Learn how an trading an iron condor can be an effective options strategy during earnings season.
Earnings season is upon us, and with it brings increased volatility for those stocks reporting results. Highly anticipated by investors, quarterly earnings announcements can provide important insight into how well a company is doing. These one-day events can be extremely volatile for individual stocks because of the uncertainty surrounding these announcements.
The timing of earnings will affect the pricing of options differently depending when they expire. Because of this, option expiration cycles that encompass an earnings date typically have higher implied volatilities in that cycle. If the market believes a stock might move more following an earnings announcement, that expiration cycle’s implied volatility will be elevated.
The implied volatility of a particular option expiration cycle is made up of normal volatility days, plus any volatility event (earnings) days from now till those options expire. As an earnings announcement approaches, there are fewer normal volatility days and the effect of the earnings event volatility will become more pronounced.
The short iron condor is a risk-defined strategy with characteristics designed to allow a trader to take advantage of elevated option premium during earnings. Just in case you're new to iron condors, let’s go over some of the basics of the strategy.
A short iron condor is a four-legged spread constructed by selling one call vertical spread and one put vertical spread simultaneously, in the same expiration cycle. Typically both vertical spreads are out of the money and centered around the current underlying price. Similar to a single vertical spread, the risk is determined by the distance between the strikes of the vertical.
If the vertical spreads are $2 wide, the risk would be $200 per contract, minus the credit received for selling the iron condor, plus transaction costs. In the best-case scenario, the price of the underlying stays between the two short strikes through expiration, and both vertical spreads expire worthless. This allows a trader to keep the full credit that the iron condor was sold for, minus transaction costs.
Let’s look at a hypothetical example. Suppose a trader would like to create a neutral short iron condor position on XYZ, which is currently trading at $52.50. To create the position, the trader could sell a $47.5 put, buy a $45 put, sell a $55 call, and buy a $57.5 call for a combined credit of $0.70. This would give the trader a $7.50 range between the put, with a low strike at $47.50 and the call, with a high strike at $55, in which the trade could achieve its maximum profit potential. The position would have an upside breakeven level of $55.70 and a downside breakeven level of $46.80, as shown in figure 1. If the stock remains between the short $47.5 and $55 strikes through expiration, the maximum potential profit would be $70 per contract, minus transaction costs (the credit received when the position was initiated). The maximum potential loss would be $180 ($250 max risk - $70 credit received) per contract plus transaction costs.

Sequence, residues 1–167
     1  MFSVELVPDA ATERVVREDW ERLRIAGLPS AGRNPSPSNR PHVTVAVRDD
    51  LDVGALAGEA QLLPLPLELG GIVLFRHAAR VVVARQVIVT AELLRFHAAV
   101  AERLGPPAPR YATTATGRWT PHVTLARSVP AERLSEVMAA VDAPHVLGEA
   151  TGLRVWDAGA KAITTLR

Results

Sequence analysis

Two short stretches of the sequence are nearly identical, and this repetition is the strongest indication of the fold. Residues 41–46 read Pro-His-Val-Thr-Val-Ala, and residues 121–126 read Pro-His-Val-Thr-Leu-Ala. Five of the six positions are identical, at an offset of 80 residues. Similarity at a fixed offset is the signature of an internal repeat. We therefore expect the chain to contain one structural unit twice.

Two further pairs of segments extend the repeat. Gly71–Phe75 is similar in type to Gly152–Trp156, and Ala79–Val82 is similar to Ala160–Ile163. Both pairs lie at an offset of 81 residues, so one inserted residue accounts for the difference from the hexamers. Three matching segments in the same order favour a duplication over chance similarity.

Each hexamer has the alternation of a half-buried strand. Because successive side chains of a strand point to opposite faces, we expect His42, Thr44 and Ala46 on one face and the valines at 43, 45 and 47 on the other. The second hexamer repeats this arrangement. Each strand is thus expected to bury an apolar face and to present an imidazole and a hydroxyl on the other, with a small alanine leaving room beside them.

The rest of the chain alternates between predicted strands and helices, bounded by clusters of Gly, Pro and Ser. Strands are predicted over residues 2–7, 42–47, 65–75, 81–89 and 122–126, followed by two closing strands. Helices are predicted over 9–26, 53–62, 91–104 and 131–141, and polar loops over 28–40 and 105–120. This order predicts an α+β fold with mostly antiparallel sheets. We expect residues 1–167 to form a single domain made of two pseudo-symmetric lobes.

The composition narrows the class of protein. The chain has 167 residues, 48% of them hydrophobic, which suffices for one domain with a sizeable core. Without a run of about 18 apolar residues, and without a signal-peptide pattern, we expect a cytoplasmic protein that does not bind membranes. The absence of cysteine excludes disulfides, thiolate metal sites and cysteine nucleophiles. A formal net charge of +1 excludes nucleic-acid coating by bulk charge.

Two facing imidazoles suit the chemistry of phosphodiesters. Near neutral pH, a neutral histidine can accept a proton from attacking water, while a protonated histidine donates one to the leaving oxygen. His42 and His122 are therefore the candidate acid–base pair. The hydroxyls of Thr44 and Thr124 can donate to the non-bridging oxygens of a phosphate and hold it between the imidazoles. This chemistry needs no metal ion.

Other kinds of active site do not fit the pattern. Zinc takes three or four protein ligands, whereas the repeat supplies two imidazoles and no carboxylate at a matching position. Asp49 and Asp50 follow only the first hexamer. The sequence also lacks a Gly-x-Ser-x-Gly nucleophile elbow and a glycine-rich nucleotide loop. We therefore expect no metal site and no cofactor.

FIGURE 1: EXAMPLE IRON CONDOR PROFIT AND LOSS.
The upside breakeven level for this example iron condor is at $55.70 and the downside breakeven level is at $46.80. Data source: CBOE. Chart source: the TD Ameritrade thinkorswim® platform. For illustrative purposes only. Past performance does not guarantee future results.
When volatility levels are elevated, so are the credits that can be collected when selling an iron condor. Any increase in volatility typically expands an option’s premium, which inflates the prices of the individual vertical spreads. No matter where the volatility goes, the risk lies with the underlying moving outside the outer strikes ($45 and $57.5, in the example above), but is defined by the distance between the vertical strikes.
The short iron condor is a strategy to potentially consider implementing in times of uncertainty, such as prior to earnings announcements. This strategy is designed to take advantage of inflated risk premium in a risk-defined manner. By taking this position prior to earnings, a trader is making two basic assumptions:
The key is to understand that the market is pricing in what it feels the potential move will be, and a short iron condor can be used when a trader feels the market is overstating the potential move.
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Spreads and other multiple-leg option strategies can entail substantial transaction costs, including multiple commissions, which may impact any potential return. These are advanced option strategies and often involve greater risk, and more complex risk, than basic options trades.
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